I always enjoyed our lunch or shopping stops in any village along the road.
The local shops and restaurants looks very colourful. The local food was always very good and cheap ! You can eat injera, the local pancake as staple together with vegetables and meat or other dishes.
Except having lunch in these villages or small towns I liked it also to stroll a bit along the road at our lunchbreak, to have a look at the stalls and small shops and to buy some drinks and snacks.
Six KM north of Gonder on our way to the Simien Mountains, we passed th little village Wolleka, once the home of the Falashas or Ethiopian Jews.
Before arriving of Christianity, Judaism was the dominant religion of the north west of Ethiopia. After Christianity became the state religion, the Falashas were urged to conversion. If they refused, their land was confiscated. So many Falashas became skilled craftsmen, for example in pottery.
From 1985 to 1991 many Falashas were airlifted to Israel. Nowadays only a few Falashas still live in Wolleka. The excellent pottery that was made here in former days you cannot find anymore. What you see now in the several stalls in the village, are items, made for the tourists. Unless you are interested in King Solomon depicted in bed with Queen Sheba, there is nothing really worthwhile to see or to buy.
In the village you can visit the old synagogue and some old Falasha houses. There are enough people around, who liked to show you the way.
Travelling from Dejen to Bahir Dar, we had our lunchbreak at a stream. At almost every stream you see people gathering at midday and early afternoon , washing clothes, refreshing theirselves in the water or just sitting in the shade of a tree during the hottest time of the day.
At this stream, where this woman was washing her clothes, we saw two dusty men, who undressed themselves. After a swim they started to wash their pulled out shirts and pants. Their wet clothes dried very quickly in the burning sun during their siesta time.
After visiting Debre Libanos, we reached after passing Fiche and about 100 KM north of Addis Abeba the Blue Nile Gorge. It is told to be one of the most dramatic stretches of road in Ethiopia with breathtaking views at the gorge.
The Blue Nile lies at the right hand side and is coming from the south from Sudan and continues to Lake Tana in the north.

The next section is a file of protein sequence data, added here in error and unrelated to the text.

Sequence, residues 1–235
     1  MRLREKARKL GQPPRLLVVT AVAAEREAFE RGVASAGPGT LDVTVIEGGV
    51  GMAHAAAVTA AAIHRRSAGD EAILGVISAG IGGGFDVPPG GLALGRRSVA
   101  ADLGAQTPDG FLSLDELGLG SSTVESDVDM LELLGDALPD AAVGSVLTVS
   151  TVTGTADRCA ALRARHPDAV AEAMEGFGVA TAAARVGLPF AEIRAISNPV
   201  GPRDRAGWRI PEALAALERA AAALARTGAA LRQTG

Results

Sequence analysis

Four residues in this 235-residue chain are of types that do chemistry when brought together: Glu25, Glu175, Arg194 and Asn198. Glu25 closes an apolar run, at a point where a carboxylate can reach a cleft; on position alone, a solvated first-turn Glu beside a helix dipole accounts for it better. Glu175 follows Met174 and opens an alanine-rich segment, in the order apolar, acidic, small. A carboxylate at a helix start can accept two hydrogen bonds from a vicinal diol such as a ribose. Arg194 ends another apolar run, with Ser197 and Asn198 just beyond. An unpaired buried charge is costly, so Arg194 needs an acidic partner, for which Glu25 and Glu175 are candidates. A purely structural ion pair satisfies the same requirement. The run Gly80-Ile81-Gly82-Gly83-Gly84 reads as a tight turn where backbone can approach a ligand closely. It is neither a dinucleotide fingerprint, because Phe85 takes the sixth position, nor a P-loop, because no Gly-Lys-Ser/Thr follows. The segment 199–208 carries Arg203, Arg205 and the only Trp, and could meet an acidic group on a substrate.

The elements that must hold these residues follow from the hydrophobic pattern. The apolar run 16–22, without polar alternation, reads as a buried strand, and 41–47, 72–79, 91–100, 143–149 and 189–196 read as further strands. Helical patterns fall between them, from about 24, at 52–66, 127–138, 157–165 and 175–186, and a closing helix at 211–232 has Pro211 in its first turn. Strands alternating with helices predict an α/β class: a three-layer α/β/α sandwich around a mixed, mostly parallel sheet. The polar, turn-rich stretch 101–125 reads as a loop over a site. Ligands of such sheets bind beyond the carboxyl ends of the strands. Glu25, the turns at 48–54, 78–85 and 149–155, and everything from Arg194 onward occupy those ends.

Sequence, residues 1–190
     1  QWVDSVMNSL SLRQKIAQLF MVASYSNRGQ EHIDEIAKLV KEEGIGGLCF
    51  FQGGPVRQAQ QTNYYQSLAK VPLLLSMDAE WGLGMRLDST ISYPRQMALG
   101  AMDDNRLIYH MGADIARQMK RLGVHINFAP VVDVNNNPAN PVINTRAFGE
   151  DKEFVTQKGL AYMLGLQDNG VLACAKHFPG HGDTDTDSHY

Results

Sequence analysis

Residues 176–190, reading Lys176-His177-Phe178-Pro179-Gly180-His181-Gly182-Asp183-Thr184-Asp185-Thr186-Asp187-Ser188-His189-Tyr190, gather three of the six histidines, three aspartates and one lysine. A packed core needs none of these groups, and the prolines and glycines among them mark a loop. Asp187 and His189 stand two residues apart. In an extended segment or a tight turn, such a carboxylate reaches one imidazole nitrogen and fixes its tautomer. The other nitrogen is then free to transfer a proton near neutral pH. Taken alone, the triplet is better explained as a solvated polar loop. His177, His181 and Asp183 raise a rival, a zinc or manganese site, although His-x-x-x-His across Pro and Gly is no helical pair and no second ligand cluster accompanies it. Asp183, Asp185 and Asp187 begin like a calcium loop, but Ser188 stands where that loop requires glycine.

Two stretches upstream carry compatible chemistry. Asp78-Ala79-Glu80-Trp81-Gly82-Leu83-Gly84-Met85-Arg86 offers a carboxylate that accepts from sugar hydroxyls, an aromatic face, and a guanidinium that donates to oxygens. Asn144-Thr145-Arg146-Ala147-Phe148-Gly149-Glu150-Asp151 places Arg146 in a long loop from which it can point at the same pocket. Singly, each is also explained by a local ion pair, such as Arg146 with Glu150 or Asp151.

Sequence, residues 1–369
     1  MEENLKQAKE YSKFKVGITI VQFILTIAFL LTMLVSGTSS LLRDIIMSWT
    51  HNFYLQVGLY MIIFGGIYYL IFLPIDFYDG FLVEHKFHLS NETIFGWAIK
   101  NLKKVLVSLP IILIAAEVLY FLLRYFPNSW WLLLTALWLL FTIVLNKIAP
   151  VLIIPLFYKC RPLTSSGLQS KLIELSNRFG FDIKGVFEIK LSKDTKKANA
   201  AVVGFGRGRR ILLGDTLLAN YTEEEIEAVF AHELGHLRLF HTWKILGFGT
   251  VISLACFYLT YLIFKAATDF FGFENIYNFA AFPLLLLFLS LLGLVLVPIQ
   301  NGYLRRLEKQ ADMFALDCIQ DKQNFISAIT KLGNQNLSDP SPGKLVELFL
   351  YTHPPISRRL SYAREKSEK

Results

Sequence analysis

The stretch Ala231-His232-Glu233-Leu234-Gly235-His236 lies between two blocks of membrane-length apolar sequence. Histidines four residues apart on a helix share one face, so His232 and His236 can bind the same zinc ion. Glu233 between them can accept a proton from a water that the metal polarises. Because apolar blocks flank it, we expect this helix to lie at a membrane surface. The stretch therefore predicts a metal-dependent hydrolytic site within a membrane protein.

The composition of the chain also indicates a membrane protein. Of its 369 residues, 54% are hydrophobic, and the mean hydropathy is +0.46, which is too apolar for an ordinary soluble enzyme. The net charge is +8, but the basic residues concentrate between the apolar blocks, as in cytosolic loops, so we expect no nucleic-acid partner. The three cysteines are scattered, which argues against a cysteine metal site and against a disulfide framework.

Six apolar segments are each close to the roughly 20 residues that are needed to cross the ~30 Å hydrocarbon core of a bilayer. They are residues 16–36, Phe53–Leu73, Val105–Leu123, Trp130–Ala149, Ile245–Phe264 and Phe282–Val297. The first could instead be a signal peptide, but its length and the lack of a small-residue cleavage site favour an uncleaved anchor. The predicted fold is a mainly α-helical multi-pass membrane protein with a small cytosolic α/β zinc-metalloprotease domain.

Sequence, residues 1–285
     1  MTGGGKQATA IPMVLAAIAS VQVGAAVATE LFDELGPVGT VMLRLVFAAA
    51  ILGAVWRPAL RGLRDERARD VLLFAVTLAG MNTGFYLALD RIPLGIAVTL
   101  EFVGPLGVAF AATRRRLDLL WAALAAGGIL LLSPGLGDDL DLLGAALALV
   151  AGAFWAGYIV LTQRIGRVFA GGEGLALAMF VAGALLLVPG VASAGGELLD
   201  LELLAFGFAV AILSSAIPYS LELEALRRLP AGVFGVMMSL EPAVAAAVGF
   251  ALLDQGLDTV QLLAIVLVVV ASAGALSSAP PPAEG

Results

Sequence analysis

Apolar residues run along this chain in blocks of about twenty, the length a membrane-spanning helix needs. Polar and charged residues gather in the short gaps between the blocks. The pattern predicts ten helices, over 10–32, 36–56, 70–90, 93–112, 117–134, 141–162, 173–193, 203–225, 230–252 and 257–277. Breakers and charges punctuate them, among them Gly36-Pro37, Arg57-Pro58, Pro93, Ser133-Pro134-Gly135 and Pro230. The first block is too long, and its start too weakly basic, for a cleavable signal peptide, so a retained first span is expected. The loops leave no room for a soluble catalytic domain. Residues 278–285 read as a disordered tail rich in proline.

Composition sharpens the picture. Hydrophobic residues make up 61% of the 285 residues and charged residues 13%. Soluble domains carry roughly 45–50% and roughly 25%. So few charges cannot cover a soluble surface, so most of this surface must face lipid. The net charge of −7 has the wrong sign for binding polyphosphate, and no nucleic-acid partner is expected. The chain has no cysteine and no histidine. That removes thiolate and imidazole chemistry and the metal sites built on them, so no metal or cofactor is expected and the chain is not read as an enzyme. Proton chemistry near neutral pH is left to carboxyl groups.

Fondest memory: We left the bus and walked along the edge of the gorge for a long time, enjoying the fantastic views. Little boys walked with us, trying to sell fossiles, found in the area.
We had a fantastic walk along the Blue Nile Gorge. The landscape was absolutely stunning. At the lefthand side the deep gorge with its breathtaking views and at the righthand side high steep rocks and beautiful vegetation, like the dragontrees.
In this area you can see also a lot of lammergeyer birds.
Fondest memory: Walking under a bright blue sky with a nice moderate temperature was a great experience.
North of Bahir Dar on our way to Gonder, we walked again along the road in a fantastic mountaineous landscape. During this walk we saw this striking rock, the so-called ''nose of the devil''.
The roads in this area can be bumpy and rocky. Everywhere they are building and repairing the highways. So often we had to take a parallel dusty and bumpy track.
Under this conditions we were not surprised to have a leaky tyre at the end.
Everywhere in Ethiopia you will find colourful markets. It's always nice to stroll around these markets and to see what's going on and which local products are for sale.
In Bahir Dar we visited the bustling saturdaymarket. Here you can find many goods like woven cotton, the agelgil (the local lunchbox made of leather), materials for the coffee ceremony, coffee, vegetables, beans, spices and herbs. Name it and it's there.
We bought a plastic container to make a picknick salad en route at lunchtime.
Travelling by road north of Debark and the Simien Mountains and after leaving behind this wonderful landscape, we stopped in Maykay for a little break and a drink.
Maykay is a small town. It was nice to walk around a bit, allthough it was rather hot in the area for wintertime. In the centre of the town near the unpaved highstreet is a small church at a small, also unpaved, square.